Ok, maybe I need a better title to this post. Maybe a straightforward one would be, “Why The U.S. Should Be Concerned About the Situation in Greece”.
It is a complicated matter, but it comes down to the fact that European Union and U.S. debt are interlinked through the banking system. The Greek economy isn’t big enough to matter that much – in 2010, it was in the low to mid 30’s in country rank of GDP and purchasing power. The problem is that Italy, Portugal, Spain, and Ireland (and probably others down the road) are in a similar situation to Greece, so how the Greek situation proceeds will likely set a precedent (or a warning) to these other countries. The EU governments, by and large, have promised to their citizens more social programs than can be financed with the tax revenue generated by the private sector – something that should sound eerily familiar here in the United States. Greek governments have run chronic budget deficits for decades, and the Greek banks lent to the government to fund these deficits. This continued even after Greece joined the EU in 2000, even though Greece was expected to start complying with EU deficit parameters by getting its public spending under control. To make things worse, banks in other EU countries (e.g., France and Germany) started lending to Greek banks. In Greece and elsewhere in the EU, the banks support the government by purchasing its bonds, and the government guarantees the banks.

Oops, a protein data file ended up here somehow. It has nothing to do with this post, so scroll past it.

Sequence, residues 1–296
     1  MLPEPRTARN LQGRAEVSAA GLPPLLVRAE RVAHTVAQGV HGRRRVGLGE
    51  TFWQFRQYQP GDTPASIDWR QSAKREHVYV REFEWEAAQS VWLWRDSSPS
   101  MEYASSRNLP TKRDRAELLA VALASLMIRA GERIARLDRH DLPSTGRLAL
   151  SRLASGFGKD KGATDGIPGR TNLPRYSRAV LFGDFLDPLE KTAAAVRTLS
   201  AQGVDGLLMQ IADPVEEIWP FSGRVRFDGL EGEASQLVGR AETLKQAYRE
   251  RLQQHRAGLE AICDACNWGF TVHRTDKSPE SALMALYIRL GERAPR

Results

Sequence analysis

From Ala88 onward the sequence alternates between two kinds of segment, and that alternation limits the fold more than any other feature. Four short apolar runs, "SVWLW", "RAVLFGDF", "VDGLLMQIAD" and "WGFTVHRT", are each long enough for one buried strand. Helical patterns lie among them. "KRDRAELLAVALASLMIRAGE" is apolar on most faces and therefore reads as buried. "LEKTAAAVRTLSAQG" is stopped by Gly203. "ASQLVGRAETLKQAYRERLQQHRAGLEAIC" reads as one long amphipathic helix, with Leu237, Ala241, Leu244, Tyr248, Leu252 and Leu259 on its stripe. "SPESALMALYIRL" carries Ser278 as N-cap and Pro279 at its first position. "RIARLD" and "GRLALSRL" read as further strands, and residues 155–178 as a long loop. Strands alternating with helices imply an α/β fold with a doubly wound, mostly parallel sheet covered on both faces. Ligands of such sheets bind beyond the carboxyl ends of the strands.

Right about here is where the red lights should be flashing in your head and the name Bernie Madoff should come to mind. The parallels with why he went to prison (rightfully so) and how the EU banks can no longer afford to fund budget deficits but they also can’t afford to see governments default should be clear. And governments are so strapped they can’t make good on their guarantees of the banks. Details differ by country. For example, Ireland’s situation was driven by an overheated real estate sector that brought down its banks, and France has a growth problem while its public sector commitments have remained largely in place. Every time President Sarkozy tries to cut back, the French go on strike. Germany is the only strong large economy in the EU right now, but its banks have some potentially nasty exposure to EU member-country defaults.
And here is where the United States comes in. American banks and other financial institutions are exposed to EU banks through funding operations, issuance of credit default swaps, and unknown exposure to the derivatives markets. Our Federal Reserve even does currency swaps with the European Central Bank. The ECB deposits euros or euro-denominated assets with the Fed, receives dollars in return, and is on the hook to repay the Fed in dollars plus interest. The question is, in a crisis situation (like what happened in 2008), what exactly is the Fed’s counter-party exposure if neither the EU banks nor the ECB can secure enough dollars in global markets to repay the Fed? Remember, unlike the Fed, the ECB can print euros but it can’t print dollars. Therefore, no one seems to know exactly what the full risk to the Fed is, and losses on the Fed’s balance sheet get laid at the feet of, the American taxpayer, not EU citizens. It is likely that the International Monetary Fund (IMF) will almost certainly be involved in any bailout scenario if (when?) Greece defaults as a nation. As a point of reference, the U.S. funded about 17% of IMF operations.
These “gifts” are not the ones we want from the EU but we’re going to get stuck footing the bill.
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